GUI for WPA_Supplicant

A Qt-based application is available that lets you monitor what wpa_supplicant is up to: http://packages.ubuntu.com/dapper/net/wpagui

You will need to run it via gksudo wpa_gui so that it can talk to the WPA daemon.


Manual install on Edgy 6.10

requirements: wpa2-psk with tkip, intel ipw220, dhcp, roaming with different aps


# the roaming interface MUST use the manual inet method
iface eth1 inet manual
        wpa-driver wext                           #also for intel ip2200!!!!
        wpa-roam /etc/wpa_supplicant/wpa_supplicant.conf

# no id_str, 'default' is used as the fallback mapping target
iface default inet dhcp

# id_str="uni"
iface uni inet dhcp

# id_str="home_static"
iface home_static inet static


        # this id_str will notify /sbin/wpa_action to 'ifup uni'

        # this id_str will notify /sbin/wpa_action to 'ifup home_static'

        # no 'id_str' is given, /sbin/wpa_action will 'ifup default'

#need wpa2 with tkip
        scan_ssid=1 # only needed if your access point uses a hidden ssid

for more info see

zmore /usr/share/doc/wpasupplicant/README.modes.gz

Edgy - Using just the /etc/network/interfaces file, with ndiswrapper and no SSID broadcast

I had no luck using any of the above techniques. I'm using Ndiswrapper on a LinksysG PCMCIA card. What worked for me is described in the forum here: http://ubuntuforums.org/showthread.php?t=290414

After setting up the Ndiswrapper module, all I had to do was add the following to /etc/network/interfaces:

auto wlan0
iface wlan0 inet dhcp
wpa-driver wext
wpa-conf managed
wpa-ssid YOUR_SSID
wpa-ap-scan 2
wpa-proto TKIP
wpa-pairwise TKIP
wpa-key-mgmt WPA-PSK
wpa-psk YOUR_HEX_KEY

Works great, hope this helps some people.

Info <!> Above may be syntactically incorrect - my feisty complains it doesn't find a 'managed' file, so I think the wpa-conf parameter should be the name of an existing file.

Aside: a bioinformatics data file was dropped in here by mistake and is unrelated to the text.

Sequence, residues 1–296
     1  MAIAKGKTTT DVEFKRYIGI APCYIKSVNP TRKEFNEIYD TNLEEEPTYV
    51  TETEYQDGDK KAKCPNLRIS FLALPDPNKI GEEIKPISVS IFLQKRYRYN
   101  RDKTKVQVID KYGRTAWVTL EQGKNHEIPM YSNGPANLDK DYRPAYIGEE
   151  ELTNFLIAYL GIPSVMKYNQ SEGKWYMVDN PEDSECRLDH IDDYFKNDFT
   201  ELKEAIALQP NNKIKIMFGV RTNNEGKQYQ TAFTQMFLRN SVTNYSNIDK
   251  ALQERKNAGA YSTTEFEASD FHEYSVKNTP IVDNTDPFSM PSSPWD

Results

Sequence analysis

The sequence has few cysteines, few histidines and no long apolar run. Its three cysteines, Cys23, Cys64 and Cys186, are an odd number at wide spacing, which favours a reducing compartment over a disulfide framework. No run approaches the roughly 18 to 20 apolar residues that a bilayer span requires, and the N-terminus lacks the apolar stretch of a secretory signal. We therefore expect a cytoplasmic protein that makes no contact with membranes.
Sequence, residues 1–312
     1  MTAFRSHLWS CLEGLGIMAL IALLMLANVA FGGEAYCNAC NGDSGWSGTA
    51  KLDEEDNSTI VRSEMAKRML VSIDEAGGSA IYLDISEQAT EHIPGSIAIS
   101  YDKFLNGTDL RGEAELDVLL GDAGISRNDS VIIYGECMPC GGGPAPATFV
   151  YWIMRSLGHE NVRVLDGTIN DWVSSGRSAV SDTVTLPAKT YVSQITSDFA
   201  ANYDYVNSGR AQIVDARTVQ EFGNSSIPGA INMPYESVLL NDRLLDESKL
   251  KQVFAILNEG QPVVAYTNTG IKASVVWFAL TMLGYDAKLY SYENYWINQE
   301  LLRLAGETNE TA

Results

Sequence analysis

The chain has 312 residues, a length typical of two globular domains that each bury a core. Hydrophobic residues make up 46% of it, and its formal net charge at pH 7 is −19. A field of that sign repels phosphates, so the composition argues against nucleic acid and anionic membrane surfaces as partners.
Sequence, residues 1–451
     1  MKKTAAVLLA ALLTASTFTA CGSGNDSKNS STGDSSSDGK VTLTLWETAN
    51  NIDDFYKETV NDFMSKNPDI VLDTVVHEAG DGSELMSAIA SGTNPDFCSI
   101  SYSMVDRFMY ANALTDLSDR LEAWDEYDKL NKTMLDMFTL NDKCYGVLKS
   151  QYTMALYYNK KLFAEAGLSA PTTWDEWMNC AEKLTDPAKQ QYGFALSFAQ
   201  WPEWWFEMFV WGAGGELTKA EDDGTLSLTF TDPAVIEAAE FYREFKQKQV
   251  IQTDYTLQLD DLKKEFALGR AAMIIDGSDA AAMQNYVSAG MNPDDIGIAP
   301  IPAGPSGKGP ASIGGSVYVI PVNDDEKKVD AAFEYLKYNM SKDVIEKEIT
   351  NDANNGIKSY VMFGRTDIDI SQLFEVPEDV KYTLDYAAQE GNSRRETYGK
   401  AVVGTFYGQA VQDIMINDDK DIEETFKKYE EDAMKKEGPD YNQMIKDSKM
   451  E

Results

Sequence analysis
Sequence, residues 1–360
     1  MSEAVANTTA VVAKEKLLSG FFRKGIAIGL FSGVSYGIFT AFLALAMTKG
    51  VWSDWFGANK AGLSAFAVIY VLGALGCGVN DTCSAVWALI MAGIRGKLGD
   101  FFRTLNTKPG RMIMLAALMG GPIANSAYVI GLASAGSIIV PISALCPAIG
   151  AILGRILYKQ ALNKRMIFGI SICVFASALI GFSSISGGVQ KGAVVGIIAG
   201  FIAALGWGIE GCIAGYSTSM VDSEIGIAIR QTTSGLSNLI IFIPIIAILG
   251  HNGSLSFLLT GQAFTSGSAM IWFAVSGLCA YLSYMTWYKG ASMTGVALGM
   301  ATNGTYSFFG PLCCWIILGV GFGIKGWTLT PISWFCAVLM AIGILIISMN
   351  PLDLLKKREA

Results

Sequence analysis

Feisty - Using just the /etc/network/interfaces file, with ndiswrapper and SSID broadcast

I got mine working(RaLink Rt2500). Run lspci and if you have "Network controller: RaLink RT2500 802.11g Cardbus/mini-PCI" then this should work for you.

1. Make sure you have ndiswrapper, wpa_supplicant, and the correct rt2500.inf and rt2500.sys files installed through ndiswrapper(as above).I had to get a special inf/sys file from my windows driver disk which was for 64-bit because I run amd64.If you need these let me know and I'll email them to you. I have both 32 and 64 bit, please specify.

2. Verify that you're not using the default driver(serialmonkey) and that you're using ndiswrapper. Just type dmesg |grep rt2500 and you should get something like:

[   46.334475] ndiswrapper: driver rt2500 (Ralink Technology, Inc.,10/20/2005, loaded
[   46.890841] wlan0: ethernet device 00:13:d3:75:d4:a8 using serialized NDIS driver: rt2500, version: 0x20001, NDIS version: 0x501, vendor: 'IEEE 802.11g Wireless Card.', 1814:0201.5.conf

Step 3 won't work if you don't get through step 2. I had to blacklist the serialmonkey driver and then add ndiswrapper to /etc/modules before I could proceed.

3. Find out your router settings. I just ran iwlist scan and got the following:

          Cell 01 - Address: 00:14:BF:0F:XX:XX
                    Protocol:IEEE 802.11g
                    Frequency:2.417 GHz (Channel 2)
                    Quality:100/100  Signal level:-29 dBm  Noise level:-96 dBm
                    Encryption key:on
                    Bit Rates:1 Mb/s; 2 Mb/s; 5.5 Mb/s; 11 Mb/s; 18 Mb/s
                              24 Mb/s; 36 Mb/s; 54 Mb/s; 6 Mb/s; 9 Mb/s
                              12 Mb/s; 48 Mb/s
                    IE: IEEE 802.11i/WPA2 Version 1
                        Group Cipher : TKIP 
                        Pairwise Ciphers (2) : CCMP TKIP 
                        Authentication Suites (1) : PSK  
                    IE: WPA Version 1
                        Group Cipher : TKIP 
                        Pairwise Ciphers (2) : CCMP TKIP 
                        Authentication Suites (1) : PSK

4. Modify /etc/network/interfaces as follows, using the info from iwlist scan above:

iface ra0 inet dhcp
wpa-driver wext
wpa-ssid your-ssid
wpa-ap-scan 1
wpa-proto RSN WPA
wpa-pairwise CCMP TKIP
wpa-group CCMP TKIP
wpa-key-mgmt WPA-PSK
wpa-psk your-wpa-psk

You may need to remove other things aded by network manager and you may need to disable the wireless in network manager as well for this to work.

Troubleshooting intermittent disconnects

This can be caused by Network Manager. Apparently when Network Manager scans for APs, wpa_supplicant will disconnect. Disabling Network Manager allows WPA to work, but you loose the NM function of automatic connections.